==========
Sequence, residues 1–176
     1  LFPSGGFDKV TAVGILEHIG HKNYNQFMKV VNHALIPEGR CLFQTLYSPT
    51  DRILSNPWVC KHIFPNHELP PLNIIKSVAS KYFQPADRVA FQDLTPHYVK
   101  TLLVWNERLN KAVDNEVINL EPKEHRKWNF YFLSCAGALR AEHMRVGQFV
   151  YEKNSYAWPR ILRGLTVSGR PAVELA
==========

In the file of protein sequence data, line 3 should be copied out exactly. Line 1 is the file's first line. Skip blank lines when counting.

    51  DRILSNPWVC KHIFPNHELP PLNIIKSVAS KYFQPADRVA FQDLTPHYVK